11.2 The
project should be designed in such a way that it includes both “classroom” work
as well as practice in the field.

11.3 At the
national level at least 3 persons from each union (at least one of whom must be
a woman) should be trained in the design of education materials, facilitation
skills and in the planning and management of education programmes.

11.4 At the
state level at least 4 persons from each state (at least one of whom must be a
woman) should be trained in basic facilitation skills and the use of education

12.    Policy
on Education Funding

Noting that NLC and its affiliates have limited
funds and are dependent on the support of external funders. In some cases
funders carry assumptions about what is needed, which does not relate to what
NLC have identified as its needs. This policy requests that the NLC always take
into account its own needs and education programmes when negotiating funding.

12.1 The NLC
must make strong efforts to mobilise local funds for education.

12.2 The NLC
will strive to ensure joint funding of educational programmes between the NLC
and the affiliate unions.

12.3 This conference has defined a programme for NLC education. The NLC should use this programme as the basis for negotiating funding for educational activities with funders.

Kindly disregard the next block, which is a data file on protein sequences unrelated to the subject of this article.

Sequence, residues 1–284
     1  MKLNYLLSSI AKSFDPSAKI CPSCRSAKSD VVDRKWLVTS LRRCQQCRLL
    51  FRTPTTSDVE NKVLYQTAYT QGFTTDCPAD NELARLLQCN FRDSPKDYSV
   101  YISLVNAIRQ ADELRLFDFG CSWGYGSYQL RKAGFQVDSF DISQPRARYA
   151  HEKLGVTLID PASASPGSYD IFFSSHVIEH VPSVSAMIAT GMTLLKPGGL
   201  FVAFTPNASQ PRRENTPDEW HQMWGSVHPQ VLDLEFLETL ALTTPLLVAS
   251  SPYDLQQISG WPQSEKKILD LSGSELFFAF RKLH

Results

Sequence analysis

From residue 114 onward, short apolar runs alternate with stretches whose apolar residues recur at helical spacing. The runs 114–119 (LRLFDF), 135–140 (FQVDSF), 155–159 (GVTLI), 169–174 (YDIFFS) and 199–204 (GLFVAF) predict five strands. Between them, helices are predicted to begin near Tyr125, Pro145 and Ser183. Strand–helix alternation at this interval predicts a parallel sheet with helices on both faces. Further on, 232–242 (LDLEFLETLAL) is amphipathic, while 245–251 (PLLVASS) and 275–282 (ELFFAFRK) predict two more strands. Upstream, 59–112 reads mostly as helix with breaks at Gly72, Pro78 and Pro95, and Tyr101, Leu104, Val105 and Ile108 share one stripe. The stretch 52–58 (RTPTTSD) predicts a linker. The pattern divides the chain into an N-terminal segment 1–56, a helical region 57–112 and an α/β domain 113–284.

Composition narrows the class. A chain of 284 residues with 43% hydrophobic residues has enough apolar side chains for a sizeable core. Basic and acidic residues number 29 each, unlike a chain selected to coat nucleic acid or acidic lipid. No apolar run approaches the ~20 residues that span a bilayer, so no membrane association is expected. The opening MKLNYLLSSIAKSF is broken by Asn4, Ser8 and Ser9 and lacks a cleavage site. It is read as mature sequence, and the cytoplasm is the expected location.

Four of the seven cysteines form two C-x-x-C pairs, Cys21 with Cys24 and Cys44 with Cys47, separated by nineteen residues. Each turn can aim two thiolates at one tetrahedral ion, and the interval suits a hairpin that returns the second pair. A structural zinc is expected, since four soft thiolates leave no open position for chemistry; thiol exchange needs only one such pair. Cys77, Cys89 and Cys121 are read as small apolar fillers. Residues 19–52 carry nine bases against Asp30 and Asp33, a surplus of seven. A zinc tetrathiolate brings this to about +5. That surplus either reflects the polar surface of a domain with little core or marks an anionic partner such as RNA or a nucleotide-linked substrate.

The Nigeria Labour Congress Educational Programmes before 2002 was mostly ad-hoc. Congress realizing that education is a very vital tool that is used in the contemporary world for development, general success and mitigate most of the challenges faced in life, transformed the education activities and institutionalized them. Having run for over 17 years, it is imperative to review the current educational Programme, to align them to meet the current realities and cope with the Changing World of Work.

The emphasis is that the current NLC educational Programme which was structured into national and state level schools has held for more than 17 years. Although an attempt was made about 3 years ago to review the Programme, however, most of the recommendations have not been implemented.